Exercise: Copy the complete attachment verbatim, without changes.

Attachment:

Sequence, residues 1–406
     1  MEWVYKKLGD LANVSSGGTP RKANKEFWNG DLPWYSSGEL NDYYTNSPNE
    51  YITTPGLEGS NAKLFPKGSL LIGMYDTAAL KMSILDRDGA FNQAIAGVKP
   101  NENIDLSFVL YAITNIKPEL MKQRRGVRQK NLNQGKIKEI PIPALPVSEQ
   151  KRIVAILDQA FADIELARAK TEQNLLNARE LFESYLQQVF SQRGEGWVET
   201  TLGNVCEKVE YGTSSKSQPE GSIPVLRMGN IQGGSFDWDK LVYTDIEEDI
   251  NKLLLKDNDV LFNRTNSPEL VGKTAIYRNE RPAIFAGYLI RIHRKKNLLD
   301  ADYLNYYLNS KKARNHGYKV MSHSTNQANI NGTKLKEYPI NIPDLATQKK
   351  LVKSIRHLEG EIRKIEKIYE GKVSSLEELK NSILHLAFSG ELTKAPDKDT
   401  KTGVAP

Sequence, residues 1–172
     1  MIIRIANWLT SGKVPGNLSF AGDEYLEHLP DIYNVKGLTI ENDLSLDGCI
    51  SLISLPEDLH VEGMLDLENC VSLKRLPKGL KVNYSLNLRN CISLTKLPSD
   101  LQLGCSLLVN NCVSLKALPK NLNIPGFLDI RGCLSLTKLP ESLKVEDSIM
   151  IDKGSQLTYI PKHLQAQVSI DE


Sequence, residues 1–406
     1  MEWVYKKLGD LANVSSGGTP RKANKEFWNG DLPWYSSGEL NDYYTNSPNE
    51  YITTPGLEGS NAKLFPKGSL LIGMYDTAAL KMSILDRDGA FNQAIAGVKP
   101  NENIDLSFVL YAITNIKPEL MKQRRGVRQK NLNQGKIKEI PIPALPVSEQ
   151  KRIVAILDQA FADIELARAK TEQNLLNARE LFESYLQQVF SQRGEGWVET
   201  TLGNVCEKVE YGTSSKSQPE GSIPVLRMGN IQGGSFDWDK LVYTDIEEDI
   251  NKLLLKDNDV LFNRTNSPEL VGKTAIYRNE RPAIFAGYLI RIHRKKNLLD
   301  ADYLNYYLNS KKARNHGYKV MSHSTNQANI NGTKLKEYPI NIPDLATQKK
   351  LVKSIRHLEG EIRKIEKIYE GKVSSLEELK NSILHLAFSG ELTKAPDKDT
   401  KTGVAP

Sequence, residues 1–172
     1  MIIRIANWLT SGKVPGNLSF AGDEYLEHLP DIYNVKGLTI ENDLSLDGCI
    51  SLISLPEDLH VEGMLDLENC VSLKRLPKGL KVNYSLNLRN CISLTKLPSD
   101  LQLGCSLLVN NCVSLKALPK NLNIPGFLDI RGCLSLTKLP ESLKVEDSIM
   151  IDKGSQLTYI PKHLQAQVSI DE